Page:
TV Shows for Preschool-aged Children Balance Education and Entertainment

08/20/2012 04:58 pm ET | Updated Oct 20, 2012

As a former psychotherapist and a picky mom, TV programming for preschool-aged children has me happily surprised. Particularly when compared to children's shows from my generation -- other than the standard-bearers on PBS like Sesame Street and Mr. Rogers' Neighborhood, Scooby-Doo, Where Are You! was about as educational as it got.

The good news is that more than one station now offers educational and entertaining programs. The following are some favorites in our household:

Doc McStuffins (Disney Junior): A show about health issues is much overdue. Doc has kids learning about exercise, drinking enough water, and not spreading germs.

Special Agent Oso (Disney Junior): A cuddly bear helps kids learn life skills like playing miniature golf, squeezing orange juice, and getting dressed in "three special steps."

Mickey Mouse Clubhouse (Disney Junior): Storylines are always educational and help kids with problem-solving, counting, colors, shapes, etc.

Dora the Explorer (Nick Jr.): Dora provides cultural lessons and helps kids with many basic skills including learning Spanish words, map skills, and how to deal with pesky bullies like Swiper the Fox. "Swiper no swiping!"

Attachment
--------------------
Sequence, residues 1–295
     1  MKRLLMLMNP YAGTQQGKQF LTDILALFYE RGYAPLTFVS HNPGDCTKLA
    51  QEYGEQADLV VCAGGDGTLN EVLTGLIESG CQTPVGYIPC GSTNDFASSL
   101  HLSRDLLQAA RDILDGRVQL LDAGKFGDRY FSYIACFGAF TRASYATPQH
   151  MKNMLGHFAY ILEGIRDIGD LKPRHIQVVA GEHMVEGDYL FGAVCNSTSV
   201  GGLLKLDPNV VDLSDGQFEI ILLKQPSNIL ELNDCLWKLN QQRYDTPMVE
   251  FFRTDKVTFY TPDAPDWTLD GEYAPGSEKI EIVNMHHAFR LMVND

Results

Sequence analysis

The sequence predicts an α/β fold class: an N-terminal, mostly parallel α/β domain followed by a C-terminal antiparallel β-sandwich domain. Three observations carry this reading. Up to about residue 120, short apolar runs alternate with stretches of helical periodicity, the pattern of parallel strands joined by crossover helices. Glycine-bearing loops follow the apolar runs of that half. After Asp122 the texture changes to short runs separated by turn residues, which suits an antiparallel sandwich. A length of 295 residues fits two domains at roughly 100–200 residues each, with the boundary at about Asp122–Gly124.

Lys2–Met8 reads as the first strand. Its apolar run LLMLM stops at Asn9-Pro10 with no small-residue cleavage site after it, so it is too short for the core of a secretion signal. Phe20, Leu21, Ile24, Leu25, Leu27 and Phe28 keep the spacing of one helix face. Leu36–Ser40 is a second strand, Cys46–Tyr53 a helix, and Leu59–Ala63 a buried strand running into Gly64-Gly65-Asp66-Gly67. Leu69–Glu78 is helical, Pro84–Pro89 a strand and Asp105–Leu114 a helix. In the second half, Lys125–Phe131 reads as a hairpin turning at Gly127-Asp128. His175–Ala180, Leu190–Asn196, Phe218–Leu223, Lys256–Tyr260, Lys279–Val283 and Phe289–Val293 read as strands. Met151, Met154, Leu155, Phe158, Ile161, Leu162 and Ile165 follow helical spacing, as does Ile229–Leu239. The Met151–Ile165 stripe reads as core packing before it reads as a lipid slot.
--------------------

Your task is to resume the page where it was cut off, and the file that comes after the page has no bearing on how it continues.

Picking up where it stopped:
Team Umizoomi (Nick Jr.): "Super shapes," "pattern power," and "mighty math power!"

Max and Ruby (Nick Jr.): This show has sweet storylines, a pace that is calming, and a sister who's nice to her brother!

Super Why (PBS): Makes learning reading super fun by incorporating language lessons into classic storylines with a twist.

It's important to help your child process what they have learned on these shows, as well as adding to what they have learned. For example, after watching an episode on how to juice an orange, take your child to a farmers' market or grocery, let her pick out some beautiful fresh fruits, then go home and make some juice together.

You'll also want to be mindful of characters or concepts that are scary or disturbing to your child. Talk to your child about his thoughts and feelings regarding witches, monsters, or bullies that might appear on children's programming.

Of course, TV viewing should occur in moderation (as with most things in life) and be part of a balanced day including physical activity, free play, quiet time, one-on-one conversations, socializing, arts and crafts, reading, and general active fun! TV viewing is not recommended for children under two.